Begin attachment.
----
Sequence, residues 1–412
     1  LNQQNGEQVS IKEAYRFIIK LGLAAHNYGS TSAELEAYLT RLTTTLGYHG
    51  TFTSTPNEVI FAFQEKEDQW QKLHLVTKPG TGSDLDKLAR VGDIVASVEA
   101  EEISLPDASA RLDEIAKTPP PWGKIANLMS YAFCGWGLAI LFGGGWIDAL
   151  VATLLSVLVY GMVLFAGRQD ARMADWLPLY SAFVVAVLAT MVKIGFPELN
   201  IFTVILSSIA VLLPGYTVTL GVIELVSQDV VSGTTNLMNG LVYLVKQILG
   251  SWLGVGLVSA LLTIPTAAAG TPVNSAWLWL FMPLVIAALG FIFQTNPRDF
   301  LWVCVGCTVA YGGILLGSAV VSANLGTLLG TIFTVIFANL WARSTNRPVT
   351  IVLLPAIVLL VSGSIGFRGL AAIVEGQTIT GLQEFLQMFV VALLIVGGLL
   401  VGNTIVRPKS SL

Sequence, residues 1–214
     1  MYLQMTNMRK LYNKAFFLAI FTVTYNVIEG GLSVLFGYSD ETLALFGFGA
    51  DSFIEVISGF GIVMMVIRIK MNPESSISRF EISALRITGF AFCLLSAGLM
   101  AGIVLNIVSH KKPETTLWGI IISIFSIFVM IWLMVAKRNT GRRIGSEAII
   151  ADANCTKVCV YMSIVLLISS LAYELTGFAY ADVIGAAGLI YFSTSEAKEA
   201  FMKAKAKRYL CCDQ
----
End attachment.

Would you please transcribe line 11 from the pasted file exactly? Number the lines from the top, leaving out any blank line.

Sequence, residues 1–214